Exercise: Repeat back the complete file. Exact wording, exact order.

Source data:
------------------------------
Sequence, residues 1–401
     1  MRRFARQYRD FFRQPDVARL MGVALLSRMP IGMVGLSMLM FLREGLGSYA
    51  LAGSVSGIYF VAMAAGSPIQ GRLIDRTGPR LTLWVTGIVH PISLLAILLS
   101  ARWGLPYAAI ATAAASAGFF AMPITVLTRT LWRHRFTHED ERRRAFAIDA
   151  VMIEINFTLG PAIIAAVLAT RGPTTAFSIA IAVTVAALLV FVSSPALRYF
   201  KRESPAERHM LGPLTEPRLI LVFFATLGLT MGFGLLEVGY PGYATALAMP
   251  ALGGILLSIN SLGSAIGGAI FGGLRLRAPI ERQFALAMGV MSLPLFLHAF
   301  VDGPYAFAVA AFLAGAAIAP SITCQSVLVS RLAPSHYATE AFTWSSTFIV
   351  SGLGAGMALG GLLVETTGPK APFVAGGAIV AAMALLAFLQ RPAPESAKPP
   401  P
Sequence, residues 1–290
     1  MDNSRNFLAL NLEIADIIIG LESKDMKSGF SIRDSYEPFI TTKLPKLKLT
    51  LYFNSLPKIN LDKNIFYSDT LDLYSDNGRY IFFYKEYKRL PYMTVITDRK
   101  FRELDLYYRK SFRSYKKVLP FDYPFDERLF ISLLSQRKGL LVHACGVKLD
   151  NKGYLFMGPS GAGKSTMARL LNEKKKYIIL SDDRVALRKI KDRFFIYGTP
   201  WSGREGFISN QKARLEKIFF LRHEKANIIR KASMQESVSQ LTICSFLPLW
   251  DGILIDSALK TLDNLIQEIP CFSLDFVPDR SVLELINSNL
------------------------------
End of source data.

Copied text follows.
Sequence, residues 1–401
     1  MRRFARQYRD FFRQPDVARL MGVALLSRMP IGMVGLSMLM FLREGLGSYA
    51  LAGSVSGIYF VAMAAGSPIQ GRLIDRTGPR LTLWVTGIVH PISLLAILLS
   101  ARWGLPYAAI ATAAASAGFF AMPITVLTRT LWRHRFTHED ERRRAFAIDA
   151  VMIEINFTLG PAIIAAVLAT RGPTTAFSIA IAVTVAALLV FVSSPALRYF
   201  KRESPAERHM LGPLTEPRLI LVFFATLGLT MGFGLLEVGY PGYATALAMP
   251  ALGGILLSIN SLGSAIGGAI FGGLRLRAPI ERQFALAMGV MSLPLFLHAF
   301  VDGPYAFAVA AFLAGAAIAP SITCQSVLVS RLAPSHYATE AFTWSSTFIV
   351  SGLGAGMALG GLLVETTGPK APFVAGGAIV AAMALLAFLQ RPAPESAKPP
   401  P
Sequence, residues 1–290
     1  MDNSRNFLAL NLEIADIIIG LESKDMKSGF SIRDSYEPFI TTKLPKLKLT
    51  LYFNSLPKIN LDKNIFYSDT LDLYSDNGRY IFFYKEYKRL PYMTVITDRK
   101  FRELDLYYRK SFRSYKKVLP FDYPFDERLF ISLLSQRKGL LVHACGVKLD
   151  NKGYLFMGPS GAGKSTMARL LNEKKKYIIL SDDRVALRKI KDRFFIYGTP
   201  WSGREGFISN QKARLEKIFF LRHEKANIIR KASMQESVSQ LTICSFLPLW
   251  DGILIDSALK TLDNLIQEIP CFSLDFVPDR SVLELINSNL